Now that spending hawk Paul Ryan is in the national consciousness on a full-time basis, I thought it was a good time to take a look at U.S. Senator Tom Coburn's 2011 Wastebook: A Guide to Some of the Most Wasteful and Low Priority Government Spending of 2011. This report outlines $6.9 billion worth of spending that was completely unnecessary. While $6.9 billion out of total spending of $3.6 trillion in 2011 seems insignificant, it is evidence of the mismanagement that takes place when an organization gets so overwhelmingly labyrinthine that it can no longer control or track its own spending.
Here are a few of the more interesting examples of the creativity involved in wastefully spending your hard-earned and painfully remitted tax dollars:
1.) The Presidential Election Campaign Fund (PECF): This year, both political parties will receive a total of $35.38 million from taxpayers to pay a significant portion of convention costs. There are minimal restrictions on how PECF funds are spent; they must be used to defray expenses incurred with respect to a presidential nominating convention". So, when you're glued to the television later this month and again in early September, watching the Democrats and Republicans release balloons, wave placards and flags and throw confetti, "you did that!". Just in case you forgot, in 1994, Congress increased the amount that you can voluntarily donate to this worthy cause from $1 to $3. In 1980, 28.7 percent of taxpayers checked off the magic donation box on their tax returns; this dropped to only 6.6 percent in 2010. Unfortunately for the party-goers, if you don't donate, they don't get balloons and confetti.
2.) The Alaskan "Bridge to Nowhere": A 2.7 mile long bridge that would connect Anchorage to a small Alaskan community will cost between $650 and $700 million. This year alone, $15.3 million of federal funding was spent on the Knik Arm Crossing Bridge and, in total, taxpayers have ponied up more than $65 million including $57,390 for a 14 minute long promotional video. Here's an animation showing you where your money was spent:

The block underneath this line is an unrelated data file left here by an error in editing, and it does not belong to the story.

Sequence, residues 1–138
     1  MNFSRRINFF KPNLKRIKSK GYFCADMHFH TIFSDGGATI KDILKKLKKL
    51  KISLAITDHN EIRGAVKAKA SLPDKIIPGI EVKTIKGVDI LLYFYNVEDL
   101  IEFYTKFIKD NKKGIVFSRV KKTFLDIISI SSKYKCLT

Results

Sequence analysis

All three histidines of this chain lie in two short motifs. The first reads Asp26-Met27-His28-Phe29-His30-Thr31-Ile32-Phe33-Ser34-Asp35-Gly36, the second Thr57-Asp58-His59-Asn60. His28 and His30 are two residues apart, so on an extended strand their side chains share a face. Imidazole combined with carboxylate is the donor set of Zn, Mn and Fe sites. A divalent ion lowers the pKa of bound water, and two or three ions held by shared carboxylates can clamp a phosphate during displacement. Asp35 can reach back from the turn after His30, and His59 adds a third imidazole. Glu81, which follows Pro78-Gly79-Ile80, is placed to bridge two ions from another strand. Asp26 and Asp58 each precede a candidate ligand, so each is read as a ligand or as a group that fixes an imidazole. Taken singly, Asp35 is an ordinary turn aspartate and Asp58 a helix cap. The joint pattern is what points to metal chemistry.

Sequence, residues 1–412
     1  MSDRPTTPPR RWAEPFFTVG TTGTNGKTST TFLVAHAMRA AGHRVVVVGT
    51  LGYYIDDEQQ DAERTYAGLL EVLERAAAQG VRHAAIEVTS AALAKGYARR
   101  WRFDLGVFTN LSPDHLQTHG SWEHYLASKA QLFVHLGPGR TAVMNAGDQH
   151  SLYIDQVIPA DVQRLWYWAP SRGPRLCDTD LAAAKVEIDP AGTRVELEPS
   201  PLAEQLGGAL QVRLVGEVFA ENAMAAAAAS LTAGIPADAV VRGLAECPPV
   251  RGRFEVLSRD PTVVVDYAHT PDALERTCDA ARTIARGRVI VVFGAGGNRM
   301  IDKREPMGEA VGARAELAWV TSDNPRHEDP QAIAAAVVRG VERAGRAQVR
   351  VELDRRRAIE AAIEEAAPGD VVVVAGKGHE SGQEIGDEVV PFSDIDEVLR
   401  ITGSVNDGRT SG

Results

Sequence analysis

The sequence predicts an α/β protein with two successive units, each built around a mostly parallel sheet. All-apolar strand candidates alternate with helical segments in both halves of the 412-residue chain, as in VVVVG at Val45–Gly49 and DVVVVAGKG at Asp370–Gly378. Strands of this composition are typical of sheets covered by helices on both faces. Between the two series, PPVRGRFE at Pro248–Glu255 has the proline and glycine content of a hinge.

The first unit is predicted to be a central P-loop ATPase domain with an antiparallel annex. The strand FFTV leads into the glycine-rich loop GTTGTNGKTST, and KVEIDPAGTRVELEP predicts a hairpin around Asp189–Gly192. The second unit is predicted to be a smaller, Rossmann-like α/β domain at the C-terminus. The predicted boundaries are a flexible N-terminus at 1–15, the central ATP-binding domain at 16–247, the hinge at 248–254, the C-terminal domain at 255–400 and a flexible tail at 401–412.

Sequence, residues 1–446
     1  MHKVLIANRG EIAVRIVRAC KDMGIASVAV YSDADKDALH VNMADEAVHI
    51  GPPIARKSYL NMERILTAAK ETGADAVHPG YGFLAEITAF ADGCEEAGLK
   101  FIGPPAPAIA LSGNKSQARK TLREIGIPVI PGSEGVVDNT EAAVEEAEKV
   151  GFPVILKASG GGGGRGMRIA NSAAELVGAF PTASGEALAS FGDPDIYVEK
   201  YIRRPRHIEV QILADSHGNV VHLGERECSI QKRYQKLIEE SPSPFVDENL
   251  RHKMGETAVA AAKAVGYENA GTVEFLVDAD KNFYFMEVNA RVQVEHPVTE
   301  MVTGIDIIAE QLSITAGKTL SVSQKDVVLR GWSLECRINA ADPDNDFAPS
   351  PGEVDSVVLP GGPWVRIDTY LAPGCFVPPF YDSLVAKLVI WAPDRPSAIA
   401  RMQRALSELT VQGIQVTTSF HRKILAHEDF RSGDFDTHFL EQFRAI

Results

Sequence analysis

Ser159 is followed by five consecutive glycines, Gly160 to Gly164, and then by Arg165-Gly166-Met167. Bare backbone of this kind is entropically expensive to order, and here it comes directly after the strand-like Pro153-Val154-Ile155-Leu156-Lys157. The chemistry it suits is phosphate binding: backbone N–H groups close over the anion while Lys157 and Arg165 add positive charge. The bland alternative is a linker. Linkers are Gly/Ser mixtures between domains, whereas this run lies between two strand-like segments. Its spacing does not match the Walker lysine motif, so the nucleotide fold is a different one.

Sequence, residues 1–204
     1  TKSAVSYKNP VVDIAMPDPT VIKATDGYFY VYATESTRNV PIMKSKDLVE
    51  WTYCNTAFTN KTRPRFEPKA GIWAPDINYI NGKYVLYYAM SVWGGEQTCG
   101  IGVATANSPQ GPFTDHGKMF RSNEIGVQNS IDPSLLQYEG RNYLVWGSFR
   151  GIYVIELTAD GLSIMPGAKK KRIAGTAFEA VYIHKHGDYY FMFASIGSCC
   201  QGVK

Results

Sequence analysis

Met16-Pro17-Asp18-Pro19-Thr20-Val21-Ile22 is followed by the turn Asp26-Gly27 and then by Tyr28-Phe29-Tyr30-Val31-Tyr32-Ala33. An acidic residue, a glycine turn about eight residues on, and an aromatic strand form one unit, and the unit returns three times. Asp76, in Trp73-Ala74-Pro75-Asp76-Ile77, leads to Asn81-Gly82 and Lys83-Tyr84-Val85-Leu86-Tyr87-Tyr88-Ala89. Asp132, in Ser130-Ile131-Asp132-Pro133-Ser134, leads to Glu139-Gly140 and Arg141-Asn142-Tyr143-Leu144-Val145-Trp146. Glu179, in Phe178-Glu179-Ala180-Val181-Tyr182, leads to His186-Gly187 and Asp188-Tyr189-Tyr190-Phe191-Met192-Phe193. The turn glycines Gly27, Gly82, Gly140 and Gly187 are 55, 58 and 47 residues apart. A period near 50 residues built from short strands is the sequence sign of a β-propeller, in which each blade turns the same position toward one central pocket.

3.) Paying the Dearly Departed: Every year for the past five years, the folks at the U.S. Office of Personnel Management have sent an average of $120 million in retirement and disability payments to deceased former (I assume) federal employees. Over the past five years, over $601 million of your tax remittances have gone to pay those who are no longer with us.
4.) Preserving Your Junk Toys: The International Centre for the History of Electronic Games located in Rochester, N.Y. received over $113,000 in federal funding to preserve video games. The center has over 37,000 items, arguably the most comprehensive public assemblage of electronic games in the United States. Admission is $13 for adults but children under two years of age get in free! The second largest collection of outdated electronic games just happens to be located in my basement. Admission is free. If you wish to help the Center out in addition to your tax donation, they will accept donations of used equipment or money.
5.) Remaking a Television Classic: In fiscal year 2011, the United States Agency for International Development (USAID) provided $10 million to Rafi Peer Theatre Workshop, a Pakistani arts organization, to create "130 episodes of an indigenously produced Sesame Street". The show will be renamed "SimSim Humara" and is set in a village in Pakistan. In case you care, here is a promotional video for the show:
6.) Home Energy Efficiency Tax Credits Gone Awry: Based on a sampling of tax returns, the Treasury Inspector General for Tax Administration estimates that nearly 30 percent of American taxpayers who claimed tax credits for increasing the energy efficiency of their homes had no record of actually owning a home. The Treasury Inspector General for Tax Administration estimates that as much as $1 billion or more was claimed fraudulently, including claims made by children under the age of 18 (and as young as three) and hundreds of rather clever inmates who were incarcerated at the time. It's nice to see that people are still creative, isn't it?
While it's great that Mr. Ryan wants to cut spending and achieve some sort of fiscal balance, the system does not appear to lend itself willingly to controls. It's not just over-spending that's the problem, it's stupid spending that's a significant issue. Senator Tom Colborn's report contains one hundred examples of the finest in ill-advised spending by the federal government, just the tip of the waste iceberg. Administrations have made repeated and fruitless efforts to control this issue by passing legislation that will curb waste, unfortunately, it seems that when you are not spending your own money, it flows uncontrollably like water between your fingers.